There are two letters from Terence Sullivan to Ruth Borchard, c. 1964-65. The first, sent from Birmingham, informed Ruth ‘that the painting is on the way by rail’. In the second, he wrote: ‘I should be interested to know when your book will be published.’ In fact, when ‘Face to Face’, the book about Ruth’s Collection, was published in 2004, the text on Sullivan read simply:
‘Little is known about this artist. Dated 1963, [his self-portrait] is a carefully deliberated yet fresh self-portrait by a rather gauche-looking young man… The quite cherubic face, with its large, blue eyes, has a hesitant, slightly enigmatic mien. The light skin tones stand out strongly against darker ones elsewhere. The bluish-black-streaked hair, muted emerald green sweater, and murky brown jacket, as well as the picture’s navy background, are all well-judged in colour, tonally striking in themselves.
‘The ornate, curlicue-like green structure to the left of the figure surely represents the artist’s easel and canvas, though it may also be partly a decorative figment of the artist’s imagination. Interestingly, its rather fragmented, biomorphic-looking upper section set against areas of flat colour may be related to the formal preoccupations of British abstract art at the time.’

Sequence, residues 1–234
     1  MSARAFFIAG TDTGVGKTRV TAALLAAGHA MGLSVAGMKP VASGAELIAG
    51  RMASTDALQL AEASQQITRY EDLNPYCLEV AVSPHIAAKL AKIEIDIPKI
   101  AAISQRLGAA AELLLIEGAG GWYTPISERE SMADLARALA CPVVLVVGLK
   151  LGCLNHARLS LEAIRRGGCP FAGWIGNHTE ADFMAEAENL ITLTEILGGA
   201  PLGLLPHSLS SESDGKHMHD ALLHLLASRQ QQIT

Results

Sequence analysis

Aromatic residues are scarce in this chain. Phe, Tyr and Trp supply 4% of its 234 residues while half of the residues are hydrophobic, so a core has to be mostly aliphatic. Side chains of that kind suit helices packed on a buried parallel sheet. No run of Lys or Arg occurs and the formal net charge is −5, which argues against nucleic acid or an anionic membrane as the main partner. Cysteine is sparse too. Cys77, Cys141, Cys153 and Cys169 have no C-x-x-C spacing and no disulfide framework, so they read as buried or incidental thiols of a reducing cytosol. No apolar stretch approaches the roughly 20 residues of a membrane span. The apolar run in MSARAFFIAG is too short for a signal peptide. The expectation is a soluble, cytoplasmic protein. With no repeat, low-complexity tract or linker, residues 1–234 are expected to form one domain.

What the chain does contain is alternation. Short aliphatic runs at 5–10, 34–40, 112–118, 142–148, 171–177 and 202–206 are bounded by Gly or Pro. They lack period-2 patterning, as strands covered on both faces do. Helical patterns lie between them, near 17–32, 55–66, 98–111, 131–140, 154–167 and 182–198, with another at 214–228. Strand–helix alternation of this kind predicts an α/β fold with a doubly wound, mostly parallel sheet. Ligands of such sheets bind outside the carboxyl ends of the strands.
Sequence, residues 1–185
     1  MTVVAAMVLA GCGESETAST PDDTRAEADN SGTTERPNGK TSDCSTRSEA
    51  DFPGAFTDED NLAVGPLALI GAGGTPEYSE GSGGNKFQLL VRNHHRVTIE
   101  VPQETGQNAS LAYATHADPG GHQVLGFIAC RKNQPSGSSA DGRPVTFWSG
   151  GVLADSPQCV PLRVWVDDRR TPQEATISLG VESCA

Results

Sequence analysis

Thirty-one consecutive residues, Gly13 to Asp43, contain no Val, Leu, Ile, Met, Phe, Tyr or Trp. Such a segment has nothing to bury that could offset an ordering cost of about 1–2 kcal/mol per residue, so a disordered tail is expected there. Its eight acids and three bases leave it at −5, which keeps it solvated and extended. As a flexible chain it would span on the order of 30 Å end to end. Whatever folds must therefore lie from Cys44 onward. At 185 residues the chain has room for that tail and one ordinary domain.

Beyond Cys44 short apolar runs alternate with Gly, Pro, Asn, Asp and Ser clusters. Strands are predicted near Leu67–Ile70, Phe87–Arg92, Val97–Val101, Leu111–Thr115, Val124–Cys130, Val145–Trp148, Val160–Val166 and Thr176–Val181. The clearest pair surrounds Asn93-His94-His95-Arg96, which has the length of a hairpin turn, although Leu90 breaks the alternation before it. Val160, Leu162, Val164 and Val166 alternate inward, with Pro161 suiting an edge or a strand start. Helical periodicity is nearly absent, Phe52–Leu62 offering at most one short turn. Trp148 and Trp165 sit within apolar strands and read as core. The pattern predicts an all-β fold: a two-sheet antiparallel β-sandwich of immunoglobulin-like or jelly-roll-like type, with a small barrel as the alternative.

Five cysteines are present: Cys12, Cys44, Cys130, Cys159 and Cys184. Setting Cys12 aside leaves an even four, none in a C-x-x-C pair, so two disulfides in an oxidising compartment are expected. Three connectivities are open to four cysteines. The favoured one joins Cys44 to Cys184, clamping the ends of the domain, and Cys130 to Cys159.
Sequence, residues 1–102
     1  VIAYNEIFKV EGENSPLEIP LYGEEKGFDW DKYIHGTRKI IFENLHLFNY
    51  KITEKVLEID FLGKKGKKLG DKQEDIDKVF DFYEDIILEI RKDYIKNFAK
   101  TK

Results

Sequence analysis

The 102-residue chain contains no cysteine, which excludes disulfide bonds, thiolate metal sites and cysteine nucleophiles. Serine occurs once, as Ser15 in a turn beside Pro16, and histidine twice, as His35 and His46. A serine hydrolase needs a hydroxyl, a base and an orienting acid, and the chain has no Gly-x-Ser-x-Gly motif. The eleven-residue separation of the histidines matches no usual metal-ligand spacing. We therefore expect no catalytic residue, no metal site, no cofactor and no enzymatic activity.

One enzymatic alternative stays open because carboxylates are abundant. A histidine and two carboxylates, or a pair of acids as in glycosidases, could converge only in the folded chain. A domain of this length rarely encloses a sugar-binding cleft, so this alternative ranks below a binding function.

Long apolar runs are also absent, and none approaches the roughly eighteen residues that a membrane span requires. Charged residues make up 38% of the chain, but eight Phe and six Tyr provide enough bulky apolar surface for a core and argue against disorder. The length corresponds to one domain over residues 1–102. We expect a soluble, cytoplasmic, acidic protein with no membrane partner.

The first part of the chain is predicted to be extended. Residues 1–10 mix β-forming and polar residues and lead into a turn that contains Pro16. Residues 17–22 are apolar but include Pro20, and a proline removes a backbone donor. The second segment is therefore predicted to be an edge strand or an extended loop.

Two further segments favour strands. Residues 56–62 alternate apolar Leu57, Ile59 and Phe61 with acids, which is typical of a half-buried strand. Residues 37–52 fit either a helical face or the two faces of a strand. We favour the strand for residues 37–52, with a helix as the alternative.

More information about this artist was only discovered in October 2010 when I (Philip Vann) contacted the artist by telephone at his home in Liverpool. Terry Sullivan, as he is known, was born in Ebbw Vale in South Wales in 1940. His father, an ex-coal miner, worked in the vast steelworks there. Terry describes his family as ‘very caring’ but his father was shocked when Terry, studying at Newport College of Art (1957-1961), brought home some nude still life charcoal drawings. His father’s response was ‘“Is this what you’ve been doing for two years?”, so I picked myself up, rolled them back up and took them back on that lone bus.’
Sullivan studied at Bournemouth College of Art from 1961-62. He worked for many years as Head of Art at two comprehensive schools in Liverpool. All the time he has continued painting. The final comment regarding his self-portrait in ‘Face to Face’ has proved curiously percipient: he has had a richly rewarding career as the creator of vibrantly pulsating abstract paintings and mixed media collages, showing at the Walker Art Galleries and at the Bluecoat in Liverpool, with a Retrospective at The Cornerstone Gallery at Liverpool Hope University in 2007.